DIFFERENCES IN THE ENERGY FLOW, GROUND REACTION FORCE, AND IMPULSE DURING BASEBALL TEE BATTING BETWEEN HIGH SCHOOL AND COLLEGIATE BASEBALL PLAYERS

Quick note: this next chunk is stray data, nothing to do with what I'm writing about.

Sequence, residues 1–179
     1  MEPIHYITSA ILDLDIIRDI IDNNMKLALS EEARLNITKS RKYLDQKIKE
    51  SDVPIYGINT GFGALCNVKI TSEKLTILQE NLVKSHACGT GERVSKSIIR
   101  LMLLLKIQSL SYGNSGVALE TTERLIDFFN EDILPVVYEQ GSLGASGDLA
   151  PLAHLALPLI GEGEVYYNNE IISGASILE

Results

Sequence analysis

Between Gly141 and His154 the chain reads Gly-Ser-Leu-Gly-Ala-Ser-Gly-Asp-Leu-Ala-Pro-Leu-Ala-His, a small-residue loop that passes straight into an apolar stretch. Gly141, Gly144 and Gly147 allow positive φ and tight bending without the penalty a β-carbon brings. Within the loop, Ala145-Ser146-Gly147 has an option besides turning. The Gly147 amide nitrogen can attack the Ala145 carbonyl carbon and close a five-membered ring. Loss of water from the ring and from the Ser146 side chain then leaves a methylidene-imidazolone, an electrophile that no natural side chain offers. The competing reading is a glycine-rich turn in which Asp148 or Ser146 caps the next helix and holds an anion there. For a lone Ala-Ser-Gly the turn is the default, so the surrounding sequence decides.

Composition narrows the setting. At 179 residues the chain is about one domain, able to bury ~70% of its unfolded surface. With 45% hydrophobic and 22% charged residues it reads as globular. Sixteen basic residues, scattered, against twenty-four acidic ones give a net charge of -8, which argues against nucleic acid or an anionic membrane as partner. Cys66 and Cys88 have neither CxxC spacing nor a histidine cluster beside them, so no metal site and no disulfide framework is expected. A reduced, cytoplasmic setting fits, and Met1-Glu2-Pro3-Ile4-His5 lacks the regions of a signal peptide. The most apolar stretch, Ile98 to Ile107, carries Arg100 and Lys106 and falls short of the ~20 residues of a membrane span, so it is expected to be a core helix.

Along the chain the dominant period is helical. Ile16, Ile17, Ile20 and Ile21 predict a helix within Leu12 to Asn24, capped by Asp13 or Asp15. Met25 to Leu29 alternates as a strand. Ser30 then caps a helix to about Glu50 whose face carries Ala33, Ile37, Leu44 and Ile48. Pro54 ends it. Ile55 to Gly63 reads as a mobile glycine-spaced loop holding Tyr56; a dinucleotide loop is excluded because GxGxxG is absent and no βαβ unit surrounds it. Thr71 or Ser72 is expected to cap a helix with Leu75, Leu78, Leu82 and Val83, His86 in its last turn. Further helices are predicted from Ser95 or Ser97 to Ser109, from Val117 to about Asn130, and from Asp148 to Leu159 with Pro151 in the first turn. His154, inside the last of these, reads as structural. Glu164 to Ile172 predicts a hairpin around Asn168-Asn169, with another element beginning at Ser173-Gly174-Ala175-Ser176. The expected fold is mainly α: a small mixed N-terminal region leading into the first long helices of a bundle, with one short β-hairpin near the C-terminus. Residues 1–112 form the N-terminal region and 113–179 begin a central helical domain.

The purposes of this study were to examine the differences in the peak impulses and ground reaction force (GRF) of the lead and back legs as well as how the energy is absorbed, generated, and transferred through the back hip, front hip, and L5S1 joints during hitting between high school baseball players and collegiate baseball players. The findings indicate that the mechanical energy flows down the chain from the L5S1 joint to the pelvis into the lead leg during the bat acceleration phase of the swing. It is hoped that by identifying the differences in GRF, impulse, and energy flow between these two groups one could define the necessary kinetic components that improve bat speed during batting. Thus, these findings may help coaches determine what training strategies improve bat speed and swing performance.